Internet Protocol sharing

You will be sharing an IP with hundreds or thousands of websites that use the same IP as Cloudflare’s servers. These include malware, phishing and warez sites, among others, which use it to protect the source IP. This can bring you some complications in the future.

Impact on SEO

Although Cloudflare has said otherwise on several occasions, and even claims that SEO with them can improve, it is reasonable to have doubts about the possible effects of sharing the same IP and DNS with hundreds of disreputable sites.

There are many cases and reports that have shown significant losses of visits after starting to use Cloudflare’s CDN directly on their websites.

And no wonder, when you activate Cloudflare directly on a site it takes full control of the HTTP headers, and even how you perform 301 redirects.

So if you want to take care of your SEO, don’t try it, there are ways to benefit from this CDN without taking risks.

Cloudflare can crash

This is something that can also affect you negatively because all your server infrastructure with your hosting provider can be online and working perfectly. However, if Cloudflare goes down, your site can be offline too, a router can fail, or have a performance degradation due to massive DDOS attacks to the area where you are hosting (something that happens very often).

SSL is not so secure

Cloudflare’s free SSL is called Flexible SSL, and it is not a secure SSL because it does not encrypt the information completely, it only encrypts it from the proxy to the visitor, but not to the site running on the backend, it has many differences with traditional SSL or even with Let’s Encrypt SSL.

So beware of using it on sites we have in production, only use it on temporary or development sites.

Lost control again

Having most of your web infrastructure dependent upon a single service is not good, in the hypothetical case that something happens to Cloudflare’s network (which happens from time to time), you would not only lose control of their DNS records but also of the SSL certificates, and of course the availability of your website.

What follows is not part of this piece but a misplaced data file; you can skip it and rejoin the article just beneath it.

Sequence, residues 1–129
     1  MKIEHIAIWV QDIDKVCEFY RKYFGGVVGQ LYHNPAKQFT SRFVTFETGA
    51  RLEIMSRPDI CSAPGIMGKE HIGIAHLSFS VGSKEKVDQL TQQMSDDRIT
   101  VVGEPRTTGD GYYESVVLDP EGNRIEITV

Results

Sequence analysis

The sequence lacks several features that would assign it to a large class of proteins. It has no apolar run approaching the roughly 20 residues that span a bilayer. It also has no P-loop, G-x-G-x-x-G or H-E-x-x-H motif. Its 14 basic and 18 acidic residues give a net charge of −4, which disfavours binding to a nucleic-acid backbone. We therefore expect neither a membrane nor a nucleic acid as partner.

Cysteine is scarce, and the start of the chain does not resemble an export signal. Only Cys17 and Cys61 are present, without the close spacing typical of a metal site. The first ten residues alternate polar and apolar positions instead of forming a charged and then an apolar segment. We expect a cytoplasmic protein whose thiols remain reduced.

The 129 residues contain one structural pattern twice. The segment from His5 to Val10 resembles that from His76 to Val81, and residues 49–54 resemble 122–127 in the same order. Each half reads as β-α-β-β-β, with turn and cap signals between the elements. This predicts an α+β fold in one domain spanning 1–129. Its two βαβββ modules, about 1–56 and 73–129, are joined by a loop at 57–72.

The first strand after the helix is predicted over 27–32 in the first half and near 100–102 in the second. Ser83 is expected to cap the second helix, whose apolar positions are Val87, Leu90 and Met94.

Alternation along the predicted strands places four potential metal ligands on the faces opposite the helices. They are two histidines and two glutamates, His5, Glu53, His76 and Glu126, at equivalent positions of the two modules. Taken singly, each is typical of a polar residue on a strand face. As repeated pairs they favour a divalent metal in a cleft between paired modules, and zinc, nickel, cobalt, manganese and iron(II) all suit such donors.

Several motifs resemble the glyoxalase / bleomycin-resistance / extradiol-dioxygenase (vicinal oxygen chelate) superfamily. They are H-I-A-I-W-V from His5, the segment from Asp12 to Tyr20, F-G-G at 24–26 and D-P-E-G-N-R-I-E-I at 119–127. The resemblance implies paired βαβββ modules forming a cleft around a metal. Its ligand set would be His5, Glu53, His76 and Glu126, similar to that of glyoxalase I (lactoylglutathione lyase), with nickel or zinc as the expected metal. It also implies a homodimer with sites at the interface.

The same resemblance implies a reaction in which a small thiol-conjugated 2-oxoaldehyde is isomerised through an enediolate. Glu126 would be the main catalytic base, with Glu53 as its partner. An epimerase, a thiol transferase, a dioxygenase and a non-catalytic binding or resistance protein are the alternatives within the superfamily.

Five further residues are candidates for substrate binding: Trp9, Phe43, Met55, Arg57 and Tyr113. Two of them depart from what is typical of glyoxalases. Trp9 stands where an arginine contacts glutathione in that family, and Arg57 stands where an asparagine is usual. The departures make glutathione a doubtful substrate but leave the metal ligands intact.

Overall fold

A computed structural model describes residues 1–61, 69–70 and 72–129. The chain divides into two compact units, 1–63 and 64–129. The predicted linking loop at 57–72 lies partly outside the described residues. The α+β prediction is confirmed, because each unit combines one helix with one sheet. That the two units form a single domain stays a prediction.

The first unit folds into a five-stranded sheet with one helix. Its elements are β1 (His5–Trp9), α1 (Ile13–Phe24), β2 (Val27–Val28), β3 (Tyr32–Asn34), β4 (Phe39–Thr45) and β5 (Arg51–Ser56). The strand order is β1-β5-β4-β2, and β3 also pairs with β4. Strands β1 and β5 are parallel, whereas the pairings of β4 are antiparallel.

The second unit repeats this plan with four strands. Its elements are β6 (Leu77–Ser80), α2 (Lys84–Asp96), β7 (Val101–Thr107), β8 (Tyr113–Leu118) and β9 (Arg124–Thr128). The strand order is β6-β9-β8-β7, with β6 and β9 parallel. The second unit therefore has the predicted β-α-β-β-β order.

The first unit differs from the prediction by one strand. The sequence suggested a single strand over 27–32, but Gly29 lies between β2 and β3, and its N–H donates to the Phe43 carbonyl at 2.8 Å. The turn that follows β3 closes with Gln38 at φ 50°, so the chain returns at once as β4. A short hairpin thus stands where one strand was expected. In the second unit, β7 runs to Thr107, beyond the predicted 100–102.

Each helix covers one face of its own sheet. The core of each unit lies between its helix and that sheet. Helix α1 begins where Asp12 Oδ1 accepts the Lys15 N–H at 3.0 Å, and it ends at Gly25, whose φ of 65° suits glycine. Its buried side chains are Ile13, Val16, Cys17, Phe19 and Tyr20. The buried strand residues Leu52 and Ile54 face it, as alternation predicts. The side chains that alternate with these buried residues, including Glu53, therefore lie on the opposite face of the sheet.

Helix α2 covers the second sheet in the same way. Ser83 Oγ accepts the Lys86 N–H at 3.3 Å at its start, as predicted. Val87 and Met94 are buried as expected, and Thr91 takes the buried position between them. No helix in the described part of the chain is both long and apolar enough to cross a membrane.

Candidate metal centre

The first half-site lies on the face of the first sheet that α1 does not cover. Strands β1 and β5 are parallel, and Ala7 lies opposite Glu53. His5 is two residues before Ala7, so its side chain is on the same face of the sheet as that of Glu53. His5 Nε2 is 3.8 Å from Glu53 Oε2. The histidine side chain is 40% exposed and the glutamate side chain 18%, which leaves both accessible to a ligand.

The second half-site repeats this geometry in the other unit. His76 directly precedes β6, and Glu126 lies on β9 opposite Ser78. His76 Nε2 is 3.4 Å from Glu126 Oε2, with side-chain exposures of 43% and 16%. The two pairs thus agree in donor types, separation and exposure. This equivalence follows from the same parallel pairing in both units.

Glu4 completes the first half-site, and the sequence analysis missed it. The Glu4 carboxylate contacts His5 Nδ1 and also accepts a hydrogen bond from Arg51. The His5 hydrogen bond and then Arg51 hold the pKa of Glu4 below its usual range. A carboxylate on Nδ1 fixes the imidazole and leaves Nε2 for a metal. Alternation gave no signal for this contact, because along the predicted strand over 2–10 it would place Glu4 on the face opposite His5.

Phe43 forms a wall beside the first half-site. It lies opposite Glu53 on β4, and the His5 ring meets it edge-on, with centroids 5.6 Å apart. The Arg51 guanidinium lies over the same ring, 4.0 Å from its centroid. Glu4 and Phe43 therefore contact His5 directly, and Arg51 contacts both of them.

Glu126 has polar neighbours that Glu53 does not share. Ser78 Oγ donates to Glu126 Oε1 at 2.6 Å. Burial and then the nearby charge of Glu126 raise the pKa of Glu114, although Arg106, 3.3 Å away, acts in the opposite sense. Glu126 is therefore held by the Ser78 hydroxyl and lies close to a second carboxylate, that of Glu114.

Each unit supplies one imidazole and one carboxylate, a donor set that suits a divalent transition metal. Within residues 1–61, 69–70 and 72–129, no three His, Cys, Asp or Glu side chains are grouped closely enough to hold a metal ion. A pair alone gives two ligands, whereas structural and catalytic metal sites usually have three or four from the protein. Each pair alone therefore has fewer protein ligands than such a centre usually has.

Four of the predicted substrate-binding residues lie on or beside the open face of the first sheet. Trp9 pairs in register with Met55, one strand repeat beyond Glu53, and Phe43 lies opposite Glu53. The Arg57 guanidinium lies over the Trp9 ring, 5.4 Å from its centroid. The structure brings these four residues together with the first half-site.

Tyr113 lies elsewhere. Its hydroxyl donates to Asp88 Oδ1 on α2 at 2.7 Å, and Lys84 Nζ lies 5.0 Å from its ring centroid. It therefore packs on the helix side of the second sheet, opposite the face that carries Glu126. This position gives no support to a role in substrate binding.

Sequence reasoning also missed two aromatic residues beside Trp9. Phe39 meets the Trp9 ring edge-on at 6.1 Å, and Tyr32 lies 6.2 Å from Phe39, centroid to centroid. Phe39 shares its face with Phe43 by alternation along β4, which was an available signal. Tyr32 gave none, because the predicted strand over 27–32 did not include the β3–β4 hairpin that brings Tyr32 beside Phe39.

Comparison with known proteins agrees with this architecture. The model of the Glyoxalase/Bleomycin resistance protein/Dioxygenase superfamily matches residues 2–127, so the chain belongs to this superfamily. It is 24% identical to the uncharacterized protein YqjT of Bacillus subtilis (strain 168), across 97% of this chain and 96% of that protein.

Everything Cloudflare offers in terms of security (except DDOS protection) can be done natively on your servers or clouds, without having to resort to them so much.

You will gain independence and you will have control over aspects that only Cloudflare handles.

Do my sites need to use Cloudflare?

Every site needs to improve speed (even more so because Google loves fast sites) and increase security that translates into greater usability for users, a better browsing experience and allows you to win their confidence.

However, as with everything in life, there must be a balance. That’s why you should only use it when strictly necessary.

What Cloudflare does with its proxy is to cache the static content of our website, and dispatch it quickly from your CDN, right?

Well, one way to take advantage of this without having to expose our domain completely is to move our static content to an exclusive domain for it, or to a subdomain. 

If you think it’s not worth having a domain registered for it, then simply create a classic subdomain, this way when you add your site to Cloudflare, you will activate the CDN only for that particular subdomain. After all, the biggest benefit in terms of performance is when we make use of your CDN.

Improve Security

And as for security, if we do things right from our servers we can protect ourselves against hotlinking, bot attacks with a Web Application Firewall (WAF), or using captcha forms; for those things, you do not need Cloudflare.

What if there is a distributed denial-of-service attack against my site?

Because of the nature of DDOS attacks and massive floods, the reality is that your hosting provider will be able to help you stop small and medium-sized attacks, but not gigantic ones. 99% of the time you should resort to specialized services such as Cloudflare or Incapsula.

It is also worth clarifying that DDOS attacks don’t happen every day and, unless you have a popular website subject to constant attack, you will not need constant protection.

If there is a DDOS against your site that the Datacenter where you are hosted cannot mitigate (since you already have the site added to Cloudflare) ideally you will be to activate it for your entire website and activate the I’m under attack mode as well as make several tweaks that will increase protection.